The practice of abandoning one's house and mailing the keys back to the creditor because the mortgage is worth more than the house itself.
Making it harder for people to discharge their credit-card debts has other drawbacks as well. Homeowners would once do almost anything to keep up payments on their homes, even if it meant falling behind on other debts. In the past year, though, economists have reported an increase in the number of people who are just walking away from their homes, because it's now often easier to abandon a mortgage than a credit-card bill. (The practice has even been given a name — "jingle mail," because people simply send their keys back in an envelope.)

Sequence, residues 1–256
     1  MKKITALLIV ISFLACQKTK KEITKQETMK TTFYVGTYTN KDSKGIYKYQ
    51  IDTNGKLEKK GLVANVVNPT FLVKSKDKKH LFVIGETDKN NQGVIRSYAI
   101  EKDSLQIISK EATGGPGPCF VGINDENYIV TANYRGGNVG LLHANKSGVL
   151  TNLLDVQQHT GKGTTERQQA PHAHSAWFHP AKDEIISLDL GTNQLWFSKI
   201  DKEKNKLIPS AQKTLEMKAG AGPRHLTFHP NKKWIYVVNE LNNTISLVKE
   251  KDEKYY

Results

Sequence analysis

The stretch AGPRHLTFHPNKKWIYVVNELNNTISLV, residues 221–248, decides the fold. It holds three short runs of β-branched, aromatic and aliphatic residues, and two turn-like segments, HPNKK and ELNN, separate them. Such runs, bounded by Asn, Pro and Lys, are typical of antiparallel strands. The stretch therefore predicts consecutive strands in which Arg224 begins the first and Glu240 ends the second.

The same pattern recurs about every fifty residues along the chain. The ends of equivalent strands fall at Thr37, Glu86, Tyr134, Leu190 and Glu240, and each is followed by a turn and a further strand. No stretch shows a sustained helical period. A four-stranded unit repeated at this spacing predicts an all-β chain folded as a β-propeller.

—James Surowiecki, "Going for Broke," The New Yorker, April 7, 2008
What do banks call it when a troubled borrower abandons her home, sending them the keys?
And what do they call it when an irate borrower abandons his home, yanking electrical outlets from walls, leaving faucets running and otherwise trashing it on the way out?
'Taking the inside of the house with you.'
There's nothing like black humor to define — however sadly and starkly — the blows that keep on coming in this mortgage debacle. But make no mistake, lenders are only beginning to learn how to manage the onslaught of jingle mail and houses turned inside out.
—Gretchen Morgenson, "Cruel Jokes, And No One Is Laughing," The New York Times, January 13, 2008
Patricia Kosciuszko, spokeswoman for the Mortgage Insurance Companies of America in Washington, D.C., which represents mortgage insurance firms ... said the mortgage insurance industry coined the term "jingle mail" because homeowners whose mortgages were worth far more than their homes literally mailed their house keys in to lenders.
—Pamela Yip, "Haunted by debt," Houston Chronicle, November 1, 1992